Volunteerism is providing time and developing skills for the benefit of other people in the association and causes, rather than for financial benefit. Volunteering always increases self-confidence for an individual in their own space. It can provide a healthy boost to our self-confidence, self-esteem, and our life. We are doing good for others and the community, which provides a natural sense of achievement. A role as a volunteer can also give a sense of pride and identity.


Involved volunteers can help raise awareness about the Association’s cause, its profile and what it does. The right match can help the volunteer reduce stress, find friends, reach out to the community, learn new skills, and even advance their career. Giving to others can also help protect a volunteer's mental and physical health.


Important to give back to the community - volunteering gives people a sense of purpose in the association. The fulfilling feeling of giving back and contributing to Association is unparalleled. Giving back is also a great way to get to know our community and its members. It may even help us discover a new passion or interest. To volunteer is to give commit yourself in a service to a cause. It is about freely giving our time to help an association, community, or an individual. It is done by people with a desire to do good for the Association.


One of the better-known benefits of volunteering is the impact on the community (in this case, our industry). Unpaid volunteers are often the glue that holds a community together. Volunteering allows us to connect to our community and make it a better place. Even helping with the smallest tasks can make a real difference in the lives of people and member companies in need. Volunteering is also a two-way street—It can benefit individuals and our family as much as the cause we have chosen. Dedicating our time as a volunteer helps us make new friends, expand our network, and boost our social skills.


One of the best ways to make new friends and strengthen existing relationships is to commit to a shared activity together. Volunteering is a great way to meet new people, especially if we are new to an area, and increase our social and relationship skills. While some people are naturally outgoing, others are shy and have a hard time meeting new people. Volunteering gives the opportunity to practice and develop social skills, since we are meeting regularly with an association of people with common interests. Once we gain momentum, it is easier to branch out and make more friends and contacts.


Volunteering advances our own careers in many ways. If we are considering a new career, volunteering can help us to get experience in our area of interest and meet people in the field. Even if we are not planning on changing careers, volunteering gives the opportunity to practice important skills used in the workplace, such as teamwork, communication, problem solving, project planning, task management, and Association management. We might feel more comfortable stretching our wings at work once have honed these skills in a volunteer position first.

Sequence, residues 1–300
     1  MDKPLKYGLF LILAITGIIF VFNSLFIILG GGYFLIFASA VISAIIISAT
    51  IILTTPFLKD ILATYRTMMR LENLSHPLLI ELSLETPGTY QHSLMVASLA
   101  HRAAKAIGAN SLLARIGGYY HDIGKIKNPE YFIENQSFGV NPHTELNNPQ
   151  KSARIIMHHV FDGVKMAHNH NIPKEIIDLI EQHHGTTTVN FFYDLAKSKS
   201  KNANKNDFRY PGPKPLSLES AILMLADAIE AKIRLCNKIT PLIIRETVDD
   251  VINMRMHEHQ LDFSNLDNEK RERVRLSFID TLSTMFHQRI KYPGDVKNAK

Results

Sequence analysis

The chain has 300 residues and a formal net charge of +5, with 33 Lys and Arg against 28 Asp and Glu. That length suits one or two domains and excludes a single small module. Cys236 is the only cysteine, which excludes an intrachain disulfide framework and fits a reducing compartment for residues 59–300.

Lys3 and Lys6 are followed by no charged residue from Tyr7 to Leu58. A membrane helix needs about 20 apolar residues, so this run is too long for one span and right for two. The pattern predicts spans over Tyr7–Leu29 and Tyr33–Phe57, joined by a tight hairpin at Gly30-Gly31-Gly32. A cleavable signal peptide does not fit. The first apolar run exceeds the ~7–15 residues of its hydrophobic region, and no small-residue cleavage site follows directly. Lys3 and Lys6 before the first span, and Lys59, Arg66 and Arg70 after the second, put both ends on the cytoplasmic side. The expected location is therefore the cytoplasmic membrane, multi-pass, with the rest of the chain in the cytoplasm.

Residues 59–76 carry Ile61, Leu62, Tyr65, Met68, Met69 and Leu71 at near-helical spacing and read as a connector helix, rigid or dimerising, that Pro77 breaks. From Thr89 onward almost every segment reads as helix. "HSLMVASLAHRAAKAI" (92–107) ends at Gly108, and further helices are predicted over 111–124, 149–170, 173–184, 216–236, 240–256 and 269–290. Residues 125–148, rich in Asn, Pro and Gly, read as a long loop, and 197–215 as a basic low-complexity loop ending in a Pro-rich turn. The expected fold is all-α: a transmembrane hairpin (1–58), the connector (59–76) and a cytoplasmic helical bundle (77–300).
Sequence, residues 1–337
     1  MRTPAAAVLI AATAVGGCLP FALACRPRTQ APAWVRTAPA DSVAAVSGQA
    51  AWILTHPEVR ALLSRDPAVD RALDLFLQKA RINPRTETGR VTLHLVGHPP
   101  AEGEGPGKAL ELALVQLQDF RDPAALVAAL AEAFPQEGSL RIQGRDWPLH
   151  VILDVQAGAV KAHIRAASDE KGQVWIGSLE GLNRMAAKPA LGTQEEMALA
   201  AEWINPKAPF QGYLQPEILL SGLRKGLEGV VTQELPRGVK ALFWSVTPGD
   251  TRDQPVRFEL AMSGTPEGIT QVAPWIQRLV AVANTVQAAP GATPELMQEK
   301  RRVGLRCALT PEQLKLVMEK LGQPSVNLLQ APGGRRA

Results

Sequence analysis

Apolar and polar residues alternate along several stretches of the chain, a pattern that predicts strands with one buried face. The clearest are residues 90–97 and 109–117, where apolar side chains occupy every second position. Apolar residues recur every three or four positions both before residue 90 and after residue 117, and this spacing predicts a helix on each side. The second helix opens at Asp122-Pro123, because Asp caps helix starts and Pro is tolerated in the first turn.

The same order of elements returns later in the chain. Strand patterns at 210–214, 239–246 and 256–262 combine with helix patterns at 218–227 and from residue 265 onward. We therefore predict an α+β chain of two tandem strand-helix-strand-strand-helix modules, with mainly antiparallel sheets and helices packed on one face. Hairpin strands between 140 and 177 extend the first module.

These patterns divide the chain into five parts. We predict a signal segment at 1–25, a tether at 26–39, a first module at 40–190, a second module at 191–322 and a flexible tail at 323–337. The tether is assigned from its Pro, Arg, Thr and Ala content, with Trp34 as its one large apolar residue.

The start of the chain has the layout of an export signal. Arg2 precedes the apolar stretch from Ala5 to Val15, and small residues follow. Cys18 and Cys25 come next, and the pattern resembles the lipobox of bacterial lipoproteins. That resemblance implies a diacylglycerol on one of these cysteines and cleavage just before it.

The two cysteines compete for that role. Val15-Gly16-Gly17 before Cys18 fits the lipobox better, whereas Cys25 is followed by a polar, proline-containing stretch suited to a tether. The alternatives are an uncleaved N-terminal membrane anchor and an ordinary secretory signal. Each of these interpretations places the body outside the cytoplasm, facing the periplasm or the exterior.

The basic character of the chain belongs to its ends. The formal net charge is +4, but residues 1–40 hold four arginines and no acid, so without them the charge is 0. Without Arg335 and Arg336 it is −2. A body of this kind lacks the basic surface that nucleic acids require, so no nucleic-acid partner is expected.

Volunteering can teach us valuable job skills, as well. Just because volunteer work is unpaid does not mean the skills we learn are basic. Many volunteering opportunities in the association provide extensive training to the individual. It can also help us build skills we already have and use them to benefit the greater community. For instance, if we hold a successful sales position, can raise awareness for a favorite cause as an advocate, while further developing and improving one’s public speaking, communication, and marketing skills for the organization.



Rossella Scalone, Chief Executive Officer, Magnolia Moving


My work as volunteer gave me the chance to grow and virtually meet a lot of wonderful people of our industry. We worked together as a team and I never had the feeling to "steal" time to my company as every minute spent helping the leadership council was an opportunity to develop my skills in a different way. I always try to face every challenge at my best and I thank the IAM for giving me the chance to do it working in such an important role.



Kevin Spealman, Special Assistant to the President, National Forwarding Co., Inc.


Serving on the claims committee for all these years has been such a rewarding experience on so many levels, that when we were told that one of the themes of the next newsletter was to be Volunteer Opportunities at IAM, I knew I had to try to put some thoughts on paper for the readers. I highly encourage those with expertise, no matter how focused or broad, to step up when they see the opportunity.


Serving on a volunteer committee means you’ll be working with the best of the best—can anybody say “learning opportunity?” Once you get to see how things work, you’ll want to share your own knowledge and experiences, and that’s when the benefits to yourself, the association and your company really start to blossom.